The train was 35 minutes late to depart for some unannounced reason. The heating turned up high. My stomach pains started stabbing me an hour into the journey. I swallowed more buscopan. The girl sitting next to me received many phone calls ending all with "ciao, ciao, ciao, ciao, a dopo, ciao, ciao, ciao, ciao, ciao." I craved silence, stillness and cool air.

Fabriano was everything I needed. A familiar home. Loved faces. Delicious food when I could eat again. Rest. Lots of sleep; 11 hours the night I arrived after sleeping for 2 hours in the afternoon. Surrounded by beauty, the mountains and houses and gardens blanketed in snow. I completed my external transformation back to civilian. New hair. New boots. Even a new handbag. My cold lingered as it still does now along with a not-quite-right stomach. We visited the beautiful and preserved medieval town of Gubbio. I ate tagliatelle with white truffle for the first time. I shared aperitivo and dinner with a friend and we stopped to talk with everyone she knew (a few I did too) as we strolled from car to bar to restaurant.

I cried as I printed my boarding pass for my flight to London.
Tears welled as I boarded the train at Fabriano to return to Rome.
Tears welled after I dropped The Devil off at British Airways baggage drop.
By the time I boarded the plane I was too tired for more tears. I sat and waited for the plane to taxi out to the runway and whisk me away from Italy, this sweet and beautiful country that I love, and this incredible chapter of my life. Leaving Italy felt like more of an ending to the Via Francigena than arriving at Vatican City.

From Rome to Fabriano to Tenterden to Milngavie. This was not 100% my original plan. After leaving Italy I planned to return to London to rest and write until going to Dublin for Christmas. While I was walking, the universe had different ideas. For a long time it has signalled me to stop planning and live more intuitively, creatively, freely. I did not argue. I went with the flow.

My friend Viv gifted us both with two nights at a spa and country club in Tenterden, a small village in England's garden county, Kent. Two nights sleeping in a plush double bed. Red wine and cheese. Shopping, more for her but a bargain Ted Baker bright red blazer for me. An afternoon in the spa and sauna. A delicious three course dinner. Relaxation starting to seep in.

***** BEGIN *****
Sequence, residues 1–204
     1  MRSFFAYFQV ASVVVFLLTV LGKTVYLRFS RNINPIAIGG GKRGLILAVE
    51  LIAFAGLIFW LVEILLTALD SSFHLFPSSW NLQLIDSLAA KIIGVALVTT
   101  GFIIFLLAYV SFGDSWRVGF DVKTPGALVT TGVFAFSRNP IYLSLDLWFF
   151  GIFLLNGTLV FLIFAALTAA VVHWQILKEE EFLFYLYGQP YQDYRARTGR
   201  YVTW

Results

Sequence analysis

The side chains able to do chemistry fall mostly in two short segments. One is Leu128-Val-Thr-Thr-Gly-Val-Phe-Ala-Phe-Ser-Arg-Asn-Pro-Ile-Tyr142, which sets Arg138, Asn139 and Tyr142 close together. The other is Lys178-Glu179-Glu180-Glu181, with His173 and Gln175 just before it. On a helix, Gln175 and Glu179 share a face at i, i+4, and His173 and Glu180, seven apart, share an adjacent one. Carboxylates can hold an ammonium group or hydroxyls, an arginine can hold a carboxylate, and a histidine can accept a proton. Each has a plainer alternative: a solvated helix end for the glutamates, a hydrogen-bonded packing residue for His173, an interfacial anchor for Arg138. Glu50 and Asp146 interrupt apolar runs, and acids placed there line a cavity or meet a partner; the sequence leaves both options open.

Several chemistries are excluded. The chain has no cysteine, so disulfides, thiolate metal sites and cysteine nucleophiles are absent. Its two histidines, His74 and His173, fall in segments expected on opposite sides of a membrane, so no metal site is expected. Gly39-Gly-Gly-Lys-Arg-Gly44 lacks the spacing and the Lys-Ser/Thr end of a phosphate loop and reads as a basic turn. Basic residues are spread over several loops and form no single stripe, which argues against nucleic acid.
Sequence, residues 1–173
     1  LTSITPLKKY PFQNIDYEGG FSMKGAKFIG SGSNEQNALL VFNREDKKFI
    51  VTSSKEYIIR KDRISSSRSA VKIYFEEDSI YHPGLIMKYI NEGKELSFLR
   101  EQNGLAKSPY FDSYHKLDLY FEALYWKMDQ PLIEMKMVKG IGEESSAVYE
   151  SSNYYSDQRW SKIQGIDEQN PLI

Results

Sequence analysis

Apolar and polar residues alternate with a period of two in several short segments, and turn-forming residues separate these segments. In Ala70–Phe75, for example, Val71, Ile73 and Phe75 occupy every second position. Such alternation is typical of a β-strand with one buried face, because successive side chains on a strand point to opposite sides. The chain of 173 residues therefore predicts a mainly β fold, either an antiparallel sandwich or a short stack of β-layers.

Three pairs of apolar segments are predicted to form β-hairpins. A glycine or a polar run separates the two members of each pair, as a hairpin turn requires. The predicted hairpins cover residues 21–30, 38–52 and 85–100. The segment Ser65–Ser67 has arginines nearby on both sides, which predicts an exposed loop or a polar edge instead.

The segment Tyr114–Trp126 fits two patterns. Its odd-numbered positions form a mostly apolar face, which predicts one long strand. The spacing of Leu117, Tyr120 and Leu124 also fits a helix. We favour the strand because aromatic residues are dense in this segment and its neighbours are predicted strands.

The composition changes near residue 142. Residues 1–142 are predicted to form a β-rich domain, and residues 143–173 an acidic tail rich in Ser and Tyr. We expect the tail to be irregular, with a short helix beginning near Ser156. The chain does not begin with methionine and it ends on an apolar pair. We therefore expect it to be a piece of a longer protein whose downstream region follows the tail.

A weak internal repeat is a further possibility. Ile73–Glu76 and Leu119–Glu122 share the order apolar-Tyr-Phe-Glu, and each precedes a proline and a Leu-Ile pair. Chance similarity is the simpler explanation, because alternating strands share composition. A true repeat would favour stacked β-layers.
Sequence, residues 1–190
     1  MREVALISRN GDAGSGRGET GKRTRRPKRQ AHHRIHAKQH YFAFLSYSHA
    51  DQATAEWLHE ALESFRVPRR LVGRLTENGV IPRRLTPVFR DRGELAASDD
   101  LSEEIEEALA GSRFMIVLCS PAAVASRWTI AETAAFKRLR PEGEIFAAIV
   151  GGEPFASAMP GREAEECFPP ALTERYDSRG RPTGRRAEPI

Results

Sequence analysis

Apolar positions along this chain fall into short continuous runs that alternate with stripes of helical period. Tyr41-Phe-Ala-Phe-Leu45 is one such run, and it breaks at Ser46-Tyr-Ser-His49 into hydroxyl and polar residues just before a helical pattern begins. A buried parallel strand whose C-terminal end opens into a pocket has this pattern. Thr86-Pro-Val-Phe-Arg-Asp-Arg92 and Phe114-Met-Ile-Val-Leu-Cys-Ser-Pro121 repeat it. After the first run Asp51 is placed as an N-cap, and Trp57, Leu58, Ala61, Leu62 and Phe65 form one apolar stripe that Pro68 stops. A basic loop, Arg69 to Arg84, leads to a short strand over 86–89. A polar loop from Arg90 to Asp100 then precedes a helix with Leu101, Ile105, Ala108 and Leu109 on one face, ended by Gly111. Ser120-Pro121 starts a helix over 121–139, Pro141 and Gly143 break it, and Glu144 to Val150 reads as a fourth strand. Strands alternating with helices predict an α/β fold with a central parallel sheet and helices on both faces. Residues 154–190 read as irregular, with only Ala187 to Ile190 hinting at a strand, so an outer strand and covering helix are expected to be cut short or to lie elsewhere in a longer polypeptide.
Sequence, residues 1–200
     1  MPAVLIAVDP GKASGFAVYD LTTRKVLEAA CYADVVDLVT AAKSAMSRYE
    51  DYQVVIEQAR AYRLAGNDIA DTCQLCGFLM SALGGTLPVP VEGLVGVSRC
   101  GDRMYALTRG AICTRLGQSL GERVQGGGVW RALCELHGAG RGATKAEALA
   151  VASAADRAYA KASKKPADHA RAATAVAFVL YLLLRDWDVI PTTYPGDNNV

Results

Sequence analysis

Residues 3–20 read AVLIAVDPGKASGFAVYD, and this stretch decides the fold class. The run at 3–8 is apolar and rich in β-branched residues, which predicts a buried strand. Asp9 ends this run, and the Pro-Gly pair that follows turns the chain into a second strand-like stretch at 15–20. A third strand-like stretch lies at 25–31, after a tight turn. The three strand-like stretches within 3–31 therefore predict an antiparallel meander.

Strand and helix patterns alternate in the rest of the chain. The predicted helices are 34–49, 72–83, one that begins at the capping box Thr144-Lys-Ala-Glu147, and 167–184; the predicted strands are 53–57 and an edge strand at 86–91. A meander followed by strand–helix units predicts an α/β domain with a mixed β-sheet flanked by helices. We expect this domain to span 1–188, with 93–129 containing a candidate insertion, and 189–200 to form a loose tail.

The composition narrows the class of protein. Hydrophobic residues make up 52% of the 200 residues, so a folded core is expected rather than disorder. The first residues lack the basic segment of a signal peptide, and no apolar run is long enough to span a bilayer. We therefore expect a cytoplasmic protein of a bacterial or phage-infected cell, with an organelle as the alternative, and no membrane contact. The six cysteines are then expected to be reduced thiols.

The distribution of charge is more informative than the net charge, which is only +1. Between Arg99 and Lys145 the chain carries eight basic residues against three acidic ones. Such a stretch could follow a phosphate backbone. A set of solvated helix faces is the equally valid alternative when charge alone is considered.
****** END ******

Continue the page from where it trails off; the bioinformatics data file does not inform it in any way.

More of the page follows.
Now I am in Milngavie, 11 kilometres north-west of Glasgow. It is my first time in Scotland. There's an old part of me that says I should be using this time to see, see, see but the weather has gone from sun to showers to gale force winds and rain to sun to snow, and I am more deeply tired than I realised. Lots of sleep. Nourishing home cooked meals. Writing. Reading. Couch time. Two days worth of this so far. Sometimes you have to stop, to lean into stillness to allow your experiences to sink in and digest.

Yesterday I had my first ever Shiatsu massage. The initial diagnosis was that my small intestine meridian was blocked; information overload. 
"That makes sense to you?" John, the masseuse, asked.
I smiled and nodded. "Yes."

I am just starting to digest it all now. Once again I am using the whole month of December to Reverb, to reflect on 2013 and contemplate my vision of 2014 with an open mind and heart. Although I usually share my Reverb insights on my blog (see 2012 and 2011 postings here and here) I've decided to keep it private this year for no particular reason other than that feels right to me at the moment. However, I want to share what a powerful process this can be. The prompt for Day 5 is Sueno (Dream) and asks what was your dream come true this year and what is your wildest dream for next year? In my journal this morning I wrote that my dream come true in 2013 was to walk the Via Francigena from start to finish, Canterbury to Rome.  Look at what I wrote on 5 December 2012 as my wildest dream for 2013 (read it here). I knew I wanted to walk it one day but I forgot that I ever named it as a dream for 2013 until I looked back at it today.

Heart dreamed it. Mind forgot about it and got out of the way. Universe took over.

Incredible. My palabra (word) to describe 2013. Incredibly incredible.

View up to Castel Sant Angelo

A less crowded St Peter's Square on Monday morning still packing up from Sunday Mass

Inside St Peter's Basilica filled with tourists

Statues adorning one of the many bridges

Beautiful light and I loved the thick giant clouds hovering above the horizon

Out last dinner at the convent

Me and the beautiful Maria-Luisa

Inside Basilica Saint Cecilia that our room at the convent overlooked

What would Rome be without ruins

Statua Equestre di Vittorio Emanuelle II

Various snaps from around the archaeological site (I'm too lazy to confirm the names)




The Colosseum

Trevi Fountain


The Spanish Steps


Sunset approaching the Gardens of Villa Medici

Sunset over Rome

Fabriano markets on Saturday morning

A little bit of snow

Snow covered front garden

Gubbio

An artist at work in Gubbio

Two doors; one is the main entrance, the other is to exit the house when you die.  Typical of Gubbio.

Left-over icy snow in Gubbio.

Palazzo dei Consoli and Piazza Grande in Gubbio

View from Palazzo dei Consoli over Piazza Grande and Gubbio